This is an update from the Up with Hope folks working in Kenya.
Some brief background – the genesis of Up with Hope was the Environmental Youth Alliance‘s project with the Soweto Youth Group in Kibera, a slum in Nairobi with a population of almost 1 million people. Three EYA folk, interns Sean and Justin and manager Karun, worked with SYG headed by Sammy Ataly to build a waste management/recycling centre.
The following is a CBC story on their work.
Following the success from the building of the first Centre, Justin, Shawn began to work with other communities in Nairobi to do the same thing, and Up with Hope was born. Nathaniel (who wrote the story below) came out to help them carry on once they went home.
One thing we (being myself, EYA, and UN-HABITAT) have learned in doing work in East Africa through the One Stops, is that the youth there, who make up sometimes more than 70% of the population, are both entrepreneurial and innovative. One area that they often gravitate towards is working in anything to do with products that can be generated from the “waste stream”, that being anything that is at the end use of human consumption. So, everything happens here from the recycling of tin/paper/plastics to the gathering of coal dust to re-compress into charcoal briquettes – and this is not just in East Africa, but is as well a global phenomenon. For example, the Dharavi slum in Mumbai is described as a “thriving business centre propelled by thousands of micro-entrepreneurs who have created an invaluable industry – turning around the discarded waste of Mumbai’s 19 million citizens.”
Clearly this form of entrepreneurship is a model of sorts yet it should be perhaps described as a “model of necessity”. One half the world’s population now live in cities and one out of three urban dwellers (approximately 1 billion people) live in slums. Work like this is clearly entrepreneurial, yet is still back-breaking and unhealthy work done out of necessity in communities which have no services such as garbage collection and proper sanitation. Practical and immediate, for sure, yet it must be seen as only one step along the way to true social, environmental and economic sustainability in these communities.
It is great that Up with Hope is providing this important practical first step. I love Justin’s way of describing how they work:
“We work backwards,” explained Sekiguchi, “A lot of organizations go to these places and try to change people. They try to push programs that are built on North American perspectives. What we do is go and find community groups that are missing one piece of the puzzle, and we provide that missing piece, such as money and education. We’re not trying to be the whole puzzle.”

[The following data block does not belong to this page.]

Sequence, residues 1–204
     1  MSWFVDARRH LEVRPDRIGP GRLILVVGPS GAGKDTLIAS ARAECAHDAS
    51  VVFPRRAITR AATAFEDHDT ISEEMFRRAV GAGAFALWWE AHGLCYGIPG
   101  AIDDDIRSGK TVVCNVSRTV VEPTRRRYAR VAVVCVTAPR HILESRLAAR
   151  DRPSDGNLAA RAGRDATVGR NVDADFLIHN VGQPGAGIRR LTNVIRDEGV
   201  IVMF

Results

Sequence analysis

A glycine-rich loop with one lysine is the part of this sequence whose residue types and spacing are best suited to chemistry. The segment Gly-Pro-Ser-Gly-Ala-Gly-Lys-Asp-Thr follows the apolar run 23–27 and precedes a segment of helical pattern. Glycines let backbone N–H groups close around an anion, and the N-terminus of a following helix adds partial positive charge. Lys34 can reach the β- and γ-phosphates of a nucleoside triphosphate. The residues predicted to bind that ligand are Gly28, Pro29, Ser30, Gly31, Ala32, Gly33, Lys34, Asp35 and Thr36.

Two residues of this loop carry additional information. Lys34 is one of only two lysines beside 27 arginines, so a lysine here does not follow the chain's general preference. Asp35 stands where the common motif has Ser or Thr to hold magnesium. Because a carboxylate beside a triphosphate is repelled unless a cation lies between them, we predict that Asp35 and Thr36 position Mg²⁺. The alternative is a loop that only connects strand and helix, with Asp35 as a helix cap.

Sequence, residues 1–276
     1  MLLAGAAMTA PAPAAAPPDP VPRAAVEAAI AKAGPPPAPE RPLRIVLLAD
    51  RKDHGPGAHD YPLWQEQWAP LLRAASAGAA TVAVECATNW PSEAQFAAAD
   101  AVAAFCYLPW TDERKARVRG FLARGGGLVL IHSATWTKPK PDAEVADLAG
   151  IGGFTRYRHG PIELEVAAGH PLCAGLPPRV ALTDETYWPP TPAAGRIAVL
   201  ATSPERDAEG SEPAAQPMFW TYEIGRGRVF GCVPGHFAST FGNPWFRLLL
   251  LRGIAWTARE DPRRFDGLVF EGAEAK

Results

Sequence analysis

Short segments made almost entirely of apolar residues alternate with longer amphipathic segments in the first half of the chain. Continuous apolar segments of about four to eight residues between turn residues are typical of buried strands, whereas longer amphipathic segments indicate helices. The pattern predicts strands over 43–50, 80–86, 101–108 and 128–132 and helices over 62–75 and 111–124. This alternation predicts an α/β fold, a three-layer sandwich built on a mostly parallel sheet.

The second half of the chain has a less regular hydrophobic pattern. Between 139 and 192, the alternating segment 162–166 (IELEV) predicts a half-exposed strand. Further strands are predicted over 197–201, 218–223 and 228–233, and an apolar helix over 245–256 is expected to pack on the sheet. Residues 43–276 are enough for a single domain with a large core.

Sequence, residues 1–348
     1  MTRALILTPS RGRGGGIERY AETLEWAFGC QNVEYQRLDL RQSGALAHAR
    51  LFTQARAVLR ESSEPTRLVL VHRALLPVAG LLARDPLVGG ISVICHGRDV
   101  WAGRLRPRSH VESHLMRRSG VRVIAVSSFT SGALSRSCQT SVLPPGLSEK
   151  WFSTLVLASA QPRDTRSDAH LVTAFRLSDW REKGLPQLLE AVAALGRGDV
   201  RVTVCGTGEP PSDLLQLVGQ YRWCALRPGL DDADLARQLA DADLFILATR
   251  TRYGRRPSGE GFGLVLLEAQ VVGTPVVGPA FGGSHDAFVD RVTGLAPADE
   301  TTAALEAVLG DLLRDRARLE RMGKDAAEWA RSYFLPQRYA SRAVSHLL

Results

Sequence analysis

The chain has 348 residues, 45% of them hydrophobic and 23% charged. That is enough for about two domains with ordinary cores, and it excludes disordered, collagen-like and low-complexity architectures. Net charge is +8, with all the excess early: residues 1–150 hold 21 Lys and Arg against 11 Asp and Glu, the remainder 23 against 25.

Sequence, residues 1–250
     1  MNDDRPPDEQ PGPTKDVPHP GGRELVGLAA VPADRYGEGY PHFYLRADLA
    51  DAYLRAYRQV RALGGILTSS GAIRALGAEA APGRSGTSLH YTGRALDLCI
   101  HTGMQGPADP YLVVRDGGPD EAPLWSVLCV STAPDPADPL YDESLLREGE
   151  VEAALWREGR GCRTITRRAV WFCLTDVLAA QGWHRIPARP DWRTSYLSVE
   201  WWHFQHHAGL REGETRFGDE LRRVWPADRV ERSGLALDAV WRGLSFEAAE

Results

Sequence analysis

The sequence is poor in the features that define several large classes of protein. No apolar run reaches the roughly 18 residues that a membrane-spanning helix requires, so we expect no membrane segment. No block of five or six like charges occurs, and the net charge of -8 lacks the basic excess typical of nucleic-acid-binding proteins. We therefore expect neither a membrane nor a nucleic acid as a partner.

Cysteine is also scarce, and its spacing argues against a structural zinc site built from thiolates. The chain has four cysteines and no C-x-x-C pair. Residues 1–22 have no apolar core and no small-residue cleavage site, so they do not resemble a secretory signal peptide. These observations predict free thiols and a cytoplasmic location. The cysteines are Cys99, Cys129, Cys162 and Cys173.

This is in my experience the best form of development – building from the bottom up based on local knowledge, skills and action.
If you want to read more about them go to ‘Up With Hope’ Addresses Waste Management Issues in Kenya Through Three East Vancouver Guys and the Environmental Youth Alliance article in the Vancouver Observer.
Saturday, 17 July 2010
I have made a conscious decision with this blog to not bore everyone with constant updates about our recycling businesses. I do on the other hand, know that people are generally interested in what it is here at Up With Hope that we do
I think I should take a couple seconds to tell people where we have come since we started in 2007. I’d first like to thank all the people who have helped share this blog with their friends, family and colleagues. If you are reading this and I don’t know you, you’re my new friend. Feel free to say hi.
We currently have two operational recycling centres in Nairobi. It has been an absolutely mind-blowing experience working with everyone in Nairobi trying to get these businesses off the ground. There have been so many obstacles in our way that have made things no easier for us, and at times I laugh at myself for working so hard to get a business going that I will never financially benefit from. That laughter doesn’t last very long once I think about how much I have learned since we started this project. Yesterday Kaka told me that if it hadn’t been for me they would have given up already and that I have really given them moral, basically making my whole life worth while.
From racist cartels and a corrupt city council we have worked with a lot of odds against us. Up With Hope is not a large organization by any means, the project was initiated by a bunch of broke guys who started off knowing absolutely nothing about development work, which looking back on is really screwed up, but funnily enough we had the right formula and both centres have now been selected as beneficiaries for funding by UN-HABITAT and OXFAM as well as other support from local and international NGO’s. We new we had the right formula when we tried to tackle joblessness and environment in the same punch.
I am confident that if I left tomorrow the businesses would keep running with out me. The question is, do I want to? The answer is hell no. It’s too much fun grinding, welding, sorting, sweating, bleeding and all sorts of hedonistic things. We say here with this job “You have to love this work”. We’ve had a lot of volunteers come and go, they don’t really enjoy wading in trash. I have a huge vision with the people I work with and I want to work with them to attain it. The groups I am working with are some of the best people I’ve ever met and when we started this project my biggest fear was that the businesses would never go anywhere. Thanks to the scrupulous selection of the people we work with I know that our work will never go to waste. RECYCLING IS GREAT.
By the way Up With Hope is always accepting donations. We can always buy more plastic!
Today’s theme is life by the river.